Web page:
Gallo suggested that parity between the euro and the dollar would require the ECB to adopt “policy inertia” over the summer, namely keeping interest rates on hold and Germany’s blanket embargo on Russian fossil fuel imports, which would lead to energy rationing.
“If the ECB faces a worst-case combination of rising risk of a recession in Germany and a further sharp rise in prices (i.e. a horrific stagnation), it should come as no surprise that the ECB’s policy inertia continues,” Gallo said.
“As far as the Fed is concerned, I believe the Fed will be shocked by the 0.98-1.02 range in EUR/USD and this level of strength in USD/EUR, and I might see EUR/USD moving into that zone causing the Fed to pause or slow down its austerity policies.”
Dollar ‘too high’
The U.S. dollar index is up about 8 percent since the start of the year, and in a report on Tuesday, Deutsche Bank Even taking into account interest rate differentials, the “safe haven” risk premium factored into the U.S. dollar is now at the “extreme upper end,” he said.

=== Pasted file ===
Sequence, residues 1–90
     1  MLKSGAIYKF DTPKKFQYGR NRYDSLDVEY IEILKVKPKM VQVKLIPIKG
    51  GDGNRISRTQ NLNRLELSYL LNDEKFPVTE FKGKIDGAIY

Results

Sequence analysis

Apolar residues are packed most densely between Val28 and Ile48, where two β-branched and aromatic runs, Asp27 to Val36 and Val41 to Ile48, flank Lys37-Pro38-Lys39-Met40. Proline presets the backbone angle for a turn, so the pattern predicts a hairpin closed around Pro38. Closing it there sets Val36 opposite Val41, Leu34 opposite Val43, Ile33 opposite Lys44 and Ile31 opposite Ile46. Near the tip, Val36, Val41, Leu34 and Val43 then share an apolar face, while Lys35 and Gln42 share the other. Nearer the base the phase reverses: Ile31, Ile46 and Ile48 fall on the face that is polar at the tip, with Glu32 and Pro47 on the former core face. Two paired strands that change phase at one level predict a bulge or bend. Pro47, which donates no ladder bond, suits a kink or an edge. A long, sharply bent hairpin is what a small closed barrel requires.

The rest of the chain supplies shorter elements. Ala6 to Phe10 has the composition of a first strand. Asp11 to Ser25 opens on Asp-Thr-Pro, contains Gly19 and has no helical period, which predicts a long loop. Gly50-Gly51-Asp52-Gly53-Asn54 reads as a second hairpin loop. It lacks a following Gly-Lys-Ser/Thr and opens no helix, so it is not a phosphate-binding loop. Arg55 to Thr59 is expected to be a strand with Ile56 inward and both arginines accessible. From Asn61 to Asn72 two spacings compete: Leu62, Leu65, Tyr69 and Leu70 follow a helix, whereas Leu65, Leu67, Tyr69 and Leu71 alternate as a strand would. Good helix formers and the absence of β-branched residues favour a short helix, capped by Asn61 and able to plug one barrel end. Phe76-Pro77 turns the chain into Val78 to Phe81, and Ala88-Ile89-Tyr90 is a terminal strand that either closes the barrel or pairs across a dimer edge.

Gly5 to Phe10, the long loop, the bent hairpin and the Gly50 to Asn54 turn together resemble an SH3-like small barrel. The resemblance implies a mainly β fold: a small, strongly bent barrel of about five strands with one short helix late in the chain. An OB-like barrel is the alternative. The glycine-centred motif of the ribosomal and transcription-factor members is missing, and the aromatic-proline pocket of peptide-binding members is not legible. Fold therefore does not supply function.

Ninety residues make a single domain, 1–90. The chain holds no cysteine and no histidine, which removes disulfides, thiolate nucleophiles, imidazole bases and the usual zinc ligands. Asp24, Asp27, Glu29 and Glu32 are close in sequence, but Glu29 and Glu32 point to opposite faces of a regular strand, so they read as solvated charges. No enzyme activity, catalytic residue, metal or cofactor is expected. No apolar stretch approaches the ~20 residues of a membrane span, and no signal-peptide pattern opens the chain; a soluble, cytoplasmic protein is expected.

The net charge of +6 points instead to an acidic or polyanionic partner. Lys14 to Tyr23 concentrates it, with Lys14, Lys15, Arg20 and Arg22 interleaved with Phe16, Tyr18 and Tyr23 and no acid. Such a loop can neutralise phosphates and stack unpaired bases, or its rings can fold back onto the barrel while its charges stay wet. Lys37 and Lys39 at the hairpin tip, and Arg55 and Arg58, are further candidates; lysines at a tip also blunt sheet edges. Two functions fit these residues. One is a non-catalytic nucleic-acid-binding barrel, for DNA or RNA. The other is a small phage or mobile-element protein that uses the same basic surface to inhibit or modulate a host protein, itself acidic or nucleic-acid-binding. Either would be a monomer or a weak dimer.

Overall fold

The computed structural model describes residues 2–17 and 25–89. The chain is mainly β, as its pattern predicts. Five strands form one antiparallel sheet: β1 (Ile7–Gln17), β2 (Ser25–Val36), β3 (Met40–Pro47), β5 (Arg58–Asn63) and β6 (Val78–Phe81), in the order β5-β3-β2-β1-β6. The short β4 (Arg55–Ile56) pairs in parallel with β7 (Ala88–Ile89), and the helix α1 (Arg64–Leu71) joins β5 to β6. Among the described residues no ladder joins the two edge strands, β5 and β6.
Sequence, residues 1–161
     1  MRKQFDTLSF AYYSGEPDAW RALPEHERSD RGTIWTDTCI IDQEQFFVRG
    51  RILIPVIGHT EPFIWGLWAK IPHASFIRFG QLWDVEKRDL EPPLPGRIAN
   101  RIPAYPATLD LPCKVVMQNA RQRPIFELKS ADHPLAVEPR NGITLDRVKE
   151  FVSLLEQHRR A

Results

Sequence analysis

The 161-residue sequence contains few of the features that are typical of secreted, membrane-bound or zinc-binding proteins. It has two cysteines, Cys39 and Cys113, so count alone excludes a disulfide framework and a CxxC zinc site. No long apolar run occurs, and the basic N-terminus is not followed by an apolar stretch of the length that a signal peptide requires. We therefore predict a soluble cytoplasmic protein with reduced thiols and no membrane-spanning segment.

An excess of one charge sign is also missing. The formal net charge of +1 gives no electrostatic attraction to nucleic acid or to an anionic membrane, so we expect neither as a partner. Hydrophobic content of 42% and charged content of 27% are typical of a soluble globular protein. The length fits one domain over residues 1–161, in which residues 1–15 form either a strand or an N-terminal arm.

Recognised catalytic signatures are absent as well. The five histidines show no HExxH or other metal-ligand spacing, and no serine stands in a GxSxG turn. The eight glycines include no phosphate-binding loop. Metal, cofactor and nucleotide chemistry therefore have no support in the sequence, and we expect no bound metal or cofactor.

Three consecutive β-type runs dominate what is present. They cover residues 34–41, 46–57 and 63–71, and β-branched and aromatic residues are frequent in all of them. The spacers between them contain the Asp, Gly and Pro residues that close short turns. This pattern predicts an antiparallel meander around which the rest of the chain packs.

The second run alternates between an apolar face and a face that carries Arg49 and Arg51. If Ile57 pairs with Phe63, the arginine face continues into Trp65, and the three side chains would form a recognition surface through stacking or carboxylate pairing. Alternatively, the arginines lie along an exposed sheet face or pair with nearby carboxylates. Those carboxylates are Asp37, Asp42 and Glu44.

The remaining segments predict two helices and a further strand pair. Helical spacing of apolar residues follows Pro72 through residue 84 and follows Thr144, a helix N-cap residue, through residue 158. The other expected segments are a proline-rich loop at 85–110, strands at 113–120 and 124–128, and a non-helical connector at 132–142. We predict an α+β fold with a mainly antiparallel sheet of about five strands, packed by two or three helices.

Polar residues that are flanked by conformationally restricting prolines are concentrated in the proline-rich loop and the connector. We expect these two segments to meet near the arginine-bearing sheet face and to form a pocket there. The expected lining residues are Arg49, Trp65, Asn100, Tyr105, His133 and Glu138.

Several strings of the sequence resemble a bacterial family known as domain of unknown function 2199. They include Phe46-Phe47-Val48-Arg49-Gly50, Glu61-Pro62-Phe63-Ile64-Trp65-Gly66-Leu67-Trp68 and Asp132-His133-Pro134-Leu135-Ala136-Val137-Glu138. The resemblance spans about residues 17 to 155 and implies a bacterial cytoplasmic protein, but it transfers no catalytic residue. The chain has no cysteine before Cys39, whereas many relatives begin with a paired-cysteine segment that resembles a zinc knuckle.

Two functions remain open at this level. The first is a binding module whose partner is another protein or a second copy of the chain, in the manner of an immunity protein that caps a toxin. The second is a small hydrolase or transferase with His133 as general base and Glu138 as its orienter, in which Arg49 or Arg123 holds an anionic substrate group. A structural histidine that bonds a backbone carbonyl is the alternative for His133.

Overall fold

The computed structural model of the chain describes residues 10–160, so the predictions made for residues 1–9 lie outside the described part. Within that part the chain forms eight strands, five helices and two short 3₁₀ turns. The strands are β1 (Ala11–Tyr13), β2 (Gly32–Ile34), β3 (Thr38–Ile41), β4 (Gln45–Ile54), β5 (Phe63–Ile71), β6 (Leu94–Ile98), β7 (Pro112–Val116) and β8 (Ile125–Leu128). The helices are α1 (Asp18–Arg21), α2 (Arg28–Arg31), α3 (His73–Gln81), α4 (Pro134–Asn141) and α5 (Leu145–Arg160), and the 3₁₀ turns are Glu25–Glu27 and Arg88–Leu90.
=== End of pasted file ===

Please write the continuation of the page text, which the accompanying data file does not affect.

George Saravelos, co-head of global FX research at Deutsche Bank, believes a turning point is coming. He believes that we are now in a phase where financial conditions are further deteriorating “undercutting Fed tightening expectations”, while the rest of the world, especially Europe, still has a lot of tightening to digest.
“We don’t think Europe is about to enter a recession, and European data — contrary to popular belief — continue to outperform the U.S.,” Saravelos said.
Deutsche Bank’s valuation monitor shows the dollar is now “the world’s most expensive currency”, while the German bank’s FX position indicator shows long dollar positions against emerging market currencies at their highest level since the peak of the Covid-19 pandemic .